TV: You self-funded Big Boss, which gives even more meaning to the note at the beginning of the film, that says “pretty much everything by Keke Palmer.” Why was it important to you to handcraft this film all the way from the bank to the screen?
KP: Well, because that's the only way to do it. To be the big boss, you've got to put your money where your mouth is. I mean what I say, I'm about what I say. I'm in a position to be able to do what I want, and that's what I'm going to do. Again, the big boss energy: it's being your greatest investor, being your greatest supporter, being the one that's in the driver's seat. Ultimately, a big part of that is you footing the bill.
That's why it's so hard sometimes as an artist to be in a position of empowerment or control when sometimes you just don't have the capital. So you end up collaborating with people that either, A, do get you, do support [you], and are down for it, or you're under the thumb of people who want to control you and make you into something that you're not. That's really stifling and really difficult, and that's the story we always hear.
In order to do these visuals and these albums, it costs money. I'm very grateful to be in a position where I can invest in that way — but it was not easy, and [that] has not always been the case. That was also something that often used to stop me or make it hard for me [to create], because people had such expectations for what they wanted my music to be. Then when I couldn't do a $3 million video shoot, I would feel like, “Oh, this is not the quality they're expecting.” That kinda stuff gets into artists' heads all the time. They've got to have this level video or this level thing. And none of that matters, because at the end of the day, you're going to grow and things are going to get better, because that's how it happens. One thing after another, after another, after another. Keep growing. But if you never take that first step, then it's never going to even get there. All of [these difficult experiences] are the growing pains that [teach you] to make your dreams come true.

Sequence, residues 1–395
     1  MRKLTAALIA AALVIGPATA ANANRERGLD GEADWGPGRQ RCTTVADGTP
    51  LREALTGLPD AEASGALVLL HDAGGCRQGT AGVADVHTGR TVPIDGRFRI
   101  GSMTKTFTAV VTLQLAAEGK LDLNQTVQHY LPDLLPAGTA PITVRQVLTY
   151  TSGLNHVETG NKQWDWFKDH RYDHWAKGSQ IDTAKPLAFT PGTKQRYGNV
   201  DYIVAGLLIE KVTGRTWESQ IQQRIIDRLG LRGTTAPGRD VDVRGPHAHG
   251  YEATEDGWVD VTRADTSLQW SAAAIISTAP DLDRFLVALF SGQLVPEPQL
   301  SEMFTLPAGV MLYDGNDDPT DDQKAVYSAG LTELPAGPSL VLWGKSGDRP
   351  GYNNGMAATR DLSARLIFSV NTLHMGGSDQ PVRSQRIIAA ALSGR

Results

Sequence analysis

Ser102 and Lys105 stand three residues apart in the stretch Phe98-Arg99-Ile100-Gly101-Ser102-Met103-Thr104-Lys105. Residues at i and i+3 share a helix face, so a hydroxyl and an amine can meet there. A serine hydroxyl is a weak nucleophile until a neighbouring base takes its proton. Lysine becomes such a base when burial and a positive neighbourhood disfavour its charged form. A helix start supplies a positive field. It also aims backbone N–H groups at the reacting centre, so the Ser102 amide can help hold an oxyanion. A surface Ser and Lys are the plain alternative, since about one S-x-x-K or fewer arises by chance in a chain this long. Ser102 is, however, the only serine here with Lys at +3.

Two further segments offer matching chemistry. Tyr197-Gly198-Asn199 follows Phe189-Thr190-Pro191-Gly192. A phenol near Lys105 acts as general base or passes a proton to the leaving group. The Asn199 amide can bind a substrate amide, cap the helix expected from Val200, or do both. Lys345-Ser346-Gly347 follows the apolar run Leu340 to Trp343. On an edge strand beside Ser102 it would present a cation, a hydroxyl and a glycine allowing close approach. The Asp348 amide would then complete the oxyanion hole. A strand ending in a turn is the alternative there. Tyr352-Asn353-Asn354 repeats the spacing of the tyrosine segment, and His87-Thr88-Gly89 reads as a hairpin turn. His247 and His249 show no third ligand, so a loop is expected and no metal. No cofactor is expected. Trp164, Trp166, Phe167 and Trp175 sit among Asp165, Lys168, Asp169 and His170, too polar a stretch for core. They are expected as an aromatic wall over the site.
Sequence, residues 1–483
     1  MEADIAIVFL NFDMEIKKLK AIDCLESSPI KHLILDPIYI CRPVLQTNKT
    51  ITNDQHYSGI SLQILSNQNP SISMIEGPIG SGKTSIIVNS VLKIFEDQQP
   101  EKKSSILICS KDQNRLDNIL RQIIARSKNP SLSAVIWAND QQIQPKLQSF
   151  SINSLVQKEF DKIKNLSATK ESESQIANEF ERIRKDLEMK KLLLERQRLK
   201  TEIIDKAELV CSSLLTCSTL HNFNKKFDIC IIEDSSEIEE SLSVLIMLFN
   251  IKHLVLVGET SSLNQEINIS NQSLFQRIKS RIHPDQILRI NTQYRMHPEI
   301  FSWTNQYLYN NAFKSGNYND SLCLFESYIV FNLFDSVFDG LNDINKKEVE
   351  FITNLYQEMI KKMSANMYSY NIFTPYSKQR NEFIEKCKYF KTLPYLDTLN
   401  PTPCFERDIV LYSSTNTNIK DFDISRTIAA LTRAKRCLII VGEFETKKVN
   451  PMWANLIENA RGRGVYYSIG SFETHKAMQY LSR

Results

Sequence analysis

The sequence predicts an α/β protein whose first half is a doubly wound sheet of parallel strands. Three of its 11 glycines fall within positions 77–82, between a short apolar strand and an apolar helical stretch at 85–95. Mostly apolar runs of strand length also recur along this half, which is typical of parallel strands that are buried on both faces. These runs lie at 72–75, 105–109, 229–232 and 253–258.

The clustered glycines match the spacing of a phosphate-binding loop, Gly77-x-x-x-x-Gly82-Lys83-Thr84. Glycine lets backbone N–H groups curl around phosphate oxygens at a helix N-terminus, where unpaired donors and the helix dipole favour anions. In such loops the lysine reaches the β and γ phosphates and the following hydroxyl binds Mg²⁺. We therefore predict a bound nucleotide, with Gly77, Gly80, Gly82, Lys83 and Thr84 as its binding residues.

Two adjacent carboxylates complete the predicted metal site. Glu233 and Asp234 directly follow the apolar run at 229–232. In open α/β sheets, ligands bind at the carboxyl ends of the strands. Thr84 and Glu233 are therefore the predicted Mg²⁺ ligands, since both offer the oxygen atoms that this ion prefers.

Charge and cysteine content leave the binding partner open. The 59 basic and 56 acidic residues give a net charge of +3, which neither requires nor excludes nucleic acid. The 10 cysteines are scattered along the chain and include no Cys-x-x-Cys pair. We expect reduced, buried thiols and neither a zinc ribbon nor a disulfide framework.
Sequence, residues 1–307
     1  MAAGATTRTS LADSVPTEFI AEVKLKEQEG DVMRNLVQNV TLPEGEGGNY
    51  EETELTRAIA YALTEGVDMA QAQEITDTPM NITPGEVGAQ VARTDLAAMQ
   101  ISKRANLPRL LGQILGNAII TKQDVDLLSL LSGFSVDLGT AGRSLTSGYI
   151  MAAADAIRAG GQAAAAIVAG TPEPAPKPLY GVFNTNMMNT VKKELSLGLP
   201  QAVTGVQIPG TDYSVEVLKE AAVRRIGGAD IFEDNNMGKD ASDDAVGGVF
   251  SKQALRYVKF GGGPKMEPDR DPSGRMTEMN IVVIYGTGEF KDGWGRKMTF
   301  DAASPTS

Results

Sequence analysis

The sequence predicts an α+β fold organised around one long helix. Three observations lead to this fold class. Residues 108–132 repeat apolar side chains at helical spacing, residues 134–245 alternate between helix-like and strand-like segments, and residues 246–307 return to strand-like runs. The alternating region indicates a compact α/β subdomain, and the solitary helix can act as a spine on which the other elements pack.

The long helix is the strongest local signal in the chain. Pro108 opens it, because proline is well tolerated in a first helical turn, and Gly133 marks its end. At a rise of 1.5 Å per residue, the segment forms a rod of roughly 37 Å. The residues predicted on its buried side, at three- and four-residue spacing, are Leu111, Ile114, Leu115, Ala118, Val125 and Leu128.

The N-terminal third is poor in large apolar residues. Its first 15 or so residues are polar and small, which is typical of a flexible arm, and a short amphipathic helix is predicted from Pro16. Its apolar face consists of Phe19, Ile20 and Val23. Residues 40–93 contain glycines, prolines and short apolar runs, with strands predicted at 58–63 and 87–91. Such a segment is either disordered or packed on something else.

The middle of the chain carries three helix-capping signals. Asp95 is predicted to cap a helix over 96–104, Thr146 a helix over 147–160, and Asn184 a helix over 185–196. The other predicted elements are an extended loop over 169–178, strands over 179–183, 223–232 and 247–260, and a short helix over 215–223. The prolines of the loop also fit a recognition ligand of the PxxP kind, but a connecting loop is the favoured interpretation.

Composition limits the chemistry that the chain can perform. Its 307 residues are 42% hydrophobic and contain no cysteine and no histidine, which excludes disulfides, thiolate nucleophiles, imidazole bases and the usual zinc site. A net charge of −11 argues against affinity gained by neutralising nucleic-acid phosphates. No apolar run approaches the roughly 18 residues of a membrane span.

TV: Were your parents hesitant at all to be on camera and act in the movie? What was it like filming that emotional scene with your mom?
KP: It was great, because my parent's love for acting and film and television and all that, all of my love for it came from them. To be able to do this movie and get a chance to [do it] with my mom was a lot of fun. It was cool, because the world's going to get to see how amazing she is.
TV: Using those therapy scenes as transitions throughout the narrative was so genius. Are you in therapy? Were those scenes based on real conversations from therapy?
KP: I did have those conversations in therapy. I'm not in therapy now, but I was in therapy. I think therapy is something that you really can't end, too. So it's like, “I'm not in therapy now.” I started going to therapy when I was 17 and it's kind of always been in and out of my life since then. That was definitely what I wanted to showcase — because, again, I didn't get where I am out of nowhere. I definitely had to answer some hard questions and come to some realities… I found a lot of those answers in therapy.
TV: While writing this movie, was it emotionally difficult for you at all to revisit so much of the bullsh*t that you've had to endure in Hollywood and the music industry?
KP: I would say “therapeutic.” It was very therapeutic, because I didn't know I wanted to talk about this stuff. My manager told me, “Hey, you should go for it. I think it'll be good. You're a great actress, and I think you can do something great bridging those worlds." …When I sat down and thought about it, it all came back at me. Like wow, I didn't realize how these things affected me. I didn't realize how much I've grown.